By Ivan Carter
Washington Post Staff Writer
Monday, April 21, 2008
CLEVELAND, April 20 -- Gilbert Arenas proved he is still dangerous, even while playing on a surgically repaired left knee, by scoring 24 points in the Wizards' 93-86 loss to the Cleveland Cavaliers on Saturday. Now he'll have to show that he can perform with a sprained right wrist as well.
Arenas, who is expected to play Monday night in Game 2 of the best-of-seven first-round series, injured the wrist when he fouled LeBron James with 21 seconds remaining in Game 1.
Before the Wizards practiced Sunday morning, Arenas took a couple of jump shots that missed everything. He started fidgeting with the wrist while calling team athletic trainer Eric Waters over to take a look.
Arenas did not practice on Sunday, after coming off the bench on Saturday to hit 8 of 16 shots in just under 28 minutes. He did not mention the wrist during his postgame news conference and did not speak to the media on Sunday.
If Arenas is limited in any way Monday night, the Wizards will face an even greater challenge as they attempt to even the series and steal home-court advantage from the Cavaliers, who have beaten Washington seven straight times in the playoffs.
The Wizards did plenty of things right in Game 1 and held a two-point lead with 4:38 to play but lost because they missed 11 straight shots late in the game.
They also couldn't stop James from scoring four points on drives to the basket late in the fourth quarter.
"We had the game pretty much where we wanted it, and then we let it get away from us," said Wizards all-star forward Caron Butler, who was held to 14 points on 5-of-10 shooting in just over 40 minutes. "If we just continue to come out with that same energy we had, we'll be okay. I don't think we're going to have another drought like we had. Play the same type of game, do a few things better, and we'll be fine."
Before practice Sunday, Coach Eddie Jordan danced around a question about starting Arenas on Monday.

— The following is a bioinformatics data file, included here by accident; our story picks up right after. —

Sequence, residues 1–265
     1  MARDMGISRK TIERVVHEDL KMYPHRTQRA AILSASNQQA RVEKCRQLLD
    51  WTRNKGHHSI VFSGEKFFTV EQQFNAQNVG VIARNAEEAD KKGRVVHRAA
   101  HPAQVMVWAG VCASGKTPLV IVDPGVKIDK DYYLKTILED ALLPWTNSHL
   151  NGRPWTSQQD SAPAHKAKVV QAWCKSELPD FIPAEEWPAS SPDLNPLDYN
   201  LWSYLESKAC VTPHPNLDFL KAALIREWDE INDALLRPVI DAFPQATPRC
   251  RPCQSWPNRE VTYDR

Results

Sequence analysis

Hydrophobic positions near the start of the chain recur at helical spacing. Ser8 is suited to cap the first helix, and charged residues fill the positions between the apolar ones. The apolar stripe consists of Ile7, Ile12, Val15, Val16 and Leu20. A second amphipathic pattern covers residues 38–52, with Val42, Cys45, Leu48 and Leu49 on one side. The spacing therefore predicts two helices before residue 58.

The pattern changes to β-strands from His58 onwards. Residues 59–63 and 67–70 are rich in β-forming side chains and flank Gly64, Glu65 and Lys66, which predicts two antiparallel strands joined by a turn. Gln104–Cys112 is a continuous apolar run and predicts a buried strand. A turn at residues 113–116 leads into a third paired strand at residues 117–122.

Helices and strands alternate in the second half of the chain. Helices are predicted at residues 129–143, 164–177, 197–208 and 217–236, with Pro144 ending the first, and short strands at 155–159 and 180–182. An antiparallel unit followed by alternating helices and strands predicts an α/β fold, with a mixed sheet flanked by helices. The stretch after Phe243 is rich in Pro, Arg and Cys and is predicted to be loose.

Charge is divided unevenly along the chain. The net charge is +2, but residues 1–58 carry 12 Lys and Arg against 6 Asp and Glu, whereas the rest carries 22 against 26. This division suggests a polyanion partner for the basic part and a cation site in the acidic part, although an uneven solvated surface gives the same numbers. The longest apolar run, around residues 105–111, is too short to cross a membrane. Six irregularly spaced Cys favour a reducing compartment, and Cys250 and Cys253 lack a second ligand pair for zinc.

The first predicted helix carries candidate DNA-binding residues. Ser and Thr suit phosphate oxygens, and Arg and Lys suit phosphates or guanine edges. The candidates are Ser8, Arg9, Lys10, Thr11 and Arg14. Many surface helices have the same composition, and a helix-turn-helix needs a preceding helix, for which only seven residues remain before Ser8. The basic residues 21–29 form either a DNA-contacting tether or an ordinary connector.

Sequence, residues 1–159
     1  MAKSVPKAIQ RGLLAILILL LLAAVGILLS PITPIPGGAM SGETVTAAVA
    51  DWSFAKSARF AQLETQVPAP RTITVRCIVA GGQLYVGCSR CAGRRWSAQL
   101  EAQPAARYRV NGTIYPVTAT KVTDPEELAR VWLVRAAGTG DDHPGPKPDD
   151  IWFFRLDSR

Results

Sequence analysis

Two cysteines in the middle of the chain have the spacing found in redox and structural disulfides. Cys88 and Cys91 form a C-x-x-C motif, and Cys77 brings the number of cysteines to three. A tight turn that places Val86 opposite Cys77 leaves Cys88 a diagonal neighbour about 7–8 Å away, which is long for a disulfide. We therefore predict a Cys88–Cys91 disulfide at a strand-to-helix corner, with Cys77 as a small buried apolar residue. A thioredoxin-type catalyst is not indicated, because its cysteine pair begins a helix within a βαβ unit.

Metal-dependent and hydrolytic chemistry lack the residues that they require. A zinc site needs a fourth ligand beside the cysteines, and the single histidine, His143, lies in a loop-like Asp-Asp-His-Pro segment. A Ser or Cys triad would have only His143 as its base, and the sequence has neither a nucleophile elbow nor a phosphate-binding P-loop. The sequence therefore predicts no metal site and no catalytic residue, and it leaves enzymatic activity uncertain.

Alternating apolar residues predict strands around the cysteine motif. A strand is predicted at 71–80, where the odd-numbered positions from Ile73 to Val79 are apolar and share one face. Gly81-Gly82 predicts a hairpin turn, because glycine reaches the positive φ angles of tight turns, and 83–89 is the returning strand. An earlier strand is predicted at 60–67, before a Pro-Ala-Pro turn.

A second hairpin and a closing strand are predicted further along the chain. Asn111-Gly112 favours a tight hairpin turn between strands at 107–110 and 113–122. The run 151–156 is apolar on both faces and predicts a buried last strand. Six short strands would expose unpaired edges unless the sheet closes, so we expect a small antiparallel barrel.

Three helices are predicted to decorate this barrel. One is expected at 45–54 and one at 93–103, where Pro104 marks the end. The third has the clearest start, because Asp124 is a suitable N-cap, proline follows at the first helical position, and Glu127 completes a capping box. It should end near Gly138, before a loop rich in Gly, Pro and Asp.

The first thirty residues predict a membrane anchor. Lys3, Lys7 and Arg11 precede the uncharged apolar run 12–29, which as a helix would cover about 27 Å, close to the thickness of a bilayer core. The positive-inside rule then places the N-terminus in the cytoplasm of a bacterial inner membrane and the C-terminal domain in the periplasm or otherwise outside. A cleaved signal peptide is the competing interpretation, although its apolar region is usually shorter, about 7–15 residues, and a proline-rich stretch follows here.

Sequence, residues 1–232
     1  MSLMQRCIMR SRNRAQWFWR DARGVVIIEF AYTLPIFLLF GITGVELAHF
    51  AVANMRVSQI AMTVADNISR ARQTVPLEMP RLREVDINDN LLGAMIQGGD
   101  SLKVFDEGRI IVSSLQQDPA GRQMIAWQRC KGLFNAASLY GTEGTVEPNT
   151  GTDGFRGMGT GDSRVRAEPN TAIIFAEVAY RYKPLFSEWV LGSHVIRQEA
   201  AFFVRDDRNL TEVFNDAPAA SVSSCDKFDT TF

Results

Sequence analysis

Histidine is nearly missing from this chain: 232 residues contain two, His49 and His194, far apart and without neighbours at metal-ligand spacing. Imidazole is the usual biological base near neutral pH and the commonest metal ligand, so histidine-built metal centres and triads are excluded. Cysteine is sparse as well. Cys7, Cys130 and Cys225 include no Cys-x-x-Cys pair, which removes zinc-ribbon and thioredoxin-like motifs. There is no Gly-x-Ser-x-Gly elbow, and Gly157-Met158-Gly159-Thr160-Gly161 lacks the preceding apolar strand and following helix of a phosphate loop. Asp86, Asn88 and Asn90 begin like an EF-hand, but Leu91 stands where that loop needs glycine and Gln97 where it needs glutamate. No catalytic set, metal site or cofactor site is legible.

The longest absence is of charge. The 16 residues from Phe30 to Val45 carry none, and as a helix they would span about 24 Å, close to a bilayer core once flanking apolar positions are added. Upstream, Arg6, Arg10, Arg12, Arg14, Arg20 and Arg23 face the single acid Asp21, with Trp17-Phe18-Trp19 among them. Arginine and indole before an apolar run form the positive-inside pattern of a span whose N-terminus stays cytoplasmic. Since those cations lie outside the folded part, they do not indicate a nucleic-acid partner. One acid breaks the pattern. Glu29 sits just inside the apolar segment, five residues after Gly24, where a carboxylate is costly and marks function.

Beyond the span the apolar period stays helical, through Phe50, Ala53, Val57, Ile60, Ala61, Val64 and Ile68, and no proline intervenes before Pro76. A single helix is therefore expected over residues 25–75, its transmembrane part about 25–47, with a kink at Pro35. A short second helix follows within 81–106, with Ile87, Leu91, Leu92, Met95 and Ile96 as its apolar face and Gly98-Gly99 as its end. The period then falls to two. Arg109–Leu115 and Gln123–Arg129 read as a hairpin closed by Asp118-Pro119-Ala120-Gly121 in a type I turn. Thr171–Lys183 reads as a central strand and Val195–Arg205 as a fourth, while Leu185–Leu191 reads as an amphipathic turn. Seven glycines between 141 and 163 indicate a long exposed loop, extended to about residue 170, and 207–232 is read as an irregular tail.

"What time is it right now?" Jordan asked. "As far as right now, at this minute, he's still coming off the bench but it could change two or three times before game time."
Starting Arenas may help the Wizards get off to a better start in Game 2 -- Washington made just one of its first seven shots and managed 10 points in the first six minutes in Game 1 -- but other drastic changes may not be necessary.
The Wizards know they aren't going to shut down James, who finished with 32 points on 12-of-19 shooting Saturday and is averaging 32.5 points in 11 career playoff games against Washington, but they do feel that they can be better offensively.
DeShawn Stevenson, Darius Songaila and Roger Mason Jr. shot a combined 2-of-19 Saturday afternoon, and Butler learned that he has to adapt to the defensive strategy Cleveland Coach Mike Brown has employed on him.
For much of the game, slow-footed Wally Szczerbiak was assigned to Butler. But when Butler received the ball in one of his sweet spots -- such as on the wing where he likes to either take a jump shot or penetrate, or on the block where he likes to post up -- the Cavaliers often sent a second defender to force the ball out of his hands.
Striking the right mix of looking for his own offense and moving the basketball will be crucial for Butler as the series continues.
"It was a big adjustment because it was the first time back to live action," said Butler, who missed the final three games of the regular season with a bruised right knee. "And they were playing me a little different. They were redding me [running a second defender at him] on cuts and doubling on all of the [isolations] I get, so I just have to be a facilitator for the most part. But at the same time, I have to look for ways to assert myself into the offense and find my rhythm."
The other matchup the Wizards must exploit is Antawn Jamison against Ben Wallace. Jamison estimated that Wallace, who is not as quick laterally as he used to be and does not like to leave the paint defensively, was assigned to him about 70 percent of the time in Game 1. As a result, Jamison got just about any shot he wanted.
He finished with 24 points and a career-playoff-high 19 rebounds, but made 10 of 24 shots and only one of eight three-point attempts. Many of the shots were wide open.
"Of the 24 I took, maybe four or five of them were tough shots, but the rest of them were in the flow, shots I normally take," Jamison said. "On a couple of those threes I could've drove to the basket, so I have to be more patient with that. But those were good shots. I just need to make them."
Getting more efficient offensive production will be a major key for the Wizards, who won only 10 games during the regular season when they scored fewer than 100 points. Meantime, the Cavaliers won only nine games in regulation when they allowed at least 100 points.
James understands that the Wizards are capable of breaking out in Game 2.
"They are not going to continue to miss those open looks," James said.